A major breakthrough in treating prostate cancer is being tested in clinical trials in the U.S. The trials are taking place in several locations and feature a new, targeted treatment for prostate cancer that has spread to other areas of the body and does not responding to conventional hormone treatment.
Instead of bombarding entire areas with radiation, killing healthy cells as well as cancerous tissue, the new radiopharmaceutical therapy zeros in and destroys only the cancer cells.
Prostate cancer is the most common non-skin cancer affecting men in the United States. The American Cancer Society estimates 174,650 cases of prostate cancer will be diagnosed in 2019 and 31,620 people will die from the disease.
The targeted radiation approach that is being tested detects PSMA, a protein found in large concentrations on the surface of prostate cancer cells and attacks only those cells.
Researchers are using Lutetium 177, a small molecule that once it is injected into the body seeks and destroys cancer cells by binding to the Protein Specific Membrane Antigen (PSMA) and delivering precise radiation therapy.
“PSMA targeted therapy is a promising new treatment for men with metastatic prostate cancer that doesn’t respond to androgen deprivation therapy,” Dr. Jonathan W. Simons, M.D., an internationally recognized physician-scientist, oncologist, and president and chief executive officer of the Prostate Cancer Foundation, tells Newsmax.
“The elegance of this approach is that the radiation can be targeted exclusively to where it is needed — at the site of the metastasis. Principally, only the prostate cancer cells with PSMA on their surfaces are destroyed and the PSMA ‘negative’ surrounding tissues are spared.”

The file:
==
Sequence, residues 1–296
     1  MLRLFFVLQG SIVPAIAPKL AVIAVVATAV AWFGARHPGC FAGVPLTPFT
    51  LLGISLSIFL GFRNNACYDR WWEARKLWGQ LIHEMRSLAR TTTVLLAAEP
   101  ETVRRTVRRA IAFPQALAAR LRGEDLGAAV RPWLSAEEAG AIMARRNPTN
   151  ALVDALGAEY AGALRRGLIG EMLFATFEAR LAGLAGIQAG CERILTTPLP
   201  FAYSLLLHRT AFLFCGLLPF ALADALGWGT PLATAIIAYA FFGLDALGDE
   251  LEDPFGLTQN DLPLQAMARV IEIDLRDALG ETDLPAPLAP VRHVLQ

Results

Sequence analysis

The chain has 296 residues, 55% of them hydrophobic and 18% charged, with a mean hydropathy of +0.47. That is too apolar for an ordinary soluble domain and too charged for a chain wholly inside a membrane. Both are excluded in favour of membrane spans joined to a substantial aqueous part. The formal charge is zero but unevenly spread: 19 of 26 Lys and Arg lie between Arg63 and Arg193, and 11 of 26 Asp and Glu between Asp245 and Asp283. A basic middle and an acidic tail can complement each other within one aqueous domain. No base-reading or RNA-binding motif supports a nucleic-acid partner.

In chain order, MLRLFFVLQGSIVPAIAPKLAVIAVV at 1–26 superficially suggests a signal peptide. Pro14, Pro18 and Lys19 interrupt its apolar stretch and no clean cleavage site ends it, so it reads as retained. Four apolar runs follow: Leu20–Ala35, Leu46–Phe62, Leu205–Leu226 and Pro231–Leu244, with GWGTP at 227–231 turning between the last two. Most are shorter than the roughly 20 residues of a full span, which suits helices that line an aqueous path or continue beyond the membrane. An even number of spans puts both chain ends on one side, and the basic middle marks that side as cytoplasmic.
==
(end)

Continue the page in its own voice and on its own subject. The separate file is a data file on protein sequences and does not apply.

While this type of therapy is new in the United States, it has been used in Germany where physicians can use radiopharmaceuticals to treat patients who have exhausted standard treatment care, according to Weill Cornell Medicine.
The Prostate Cancer Foundation is currently funding studies to identify which patients are good candidates for this treatment and why some patients may or may not respond to it. The sites where clinical trials are now being conducted include UCLA, UCSF, and Weill Cornell Medical College in New York City, Andrea Miyahara, Ph.D., director of research at PCF tells Newsmax.
“Patients should talk to their physician about whether considering a clinical trial of PSMA therapy is appropriate for them,” she says.
Patients can also use PCF’s clinical trial finder to explore trials currently recruiting patients in the U.S. at PCF Clinical Trial Finder.
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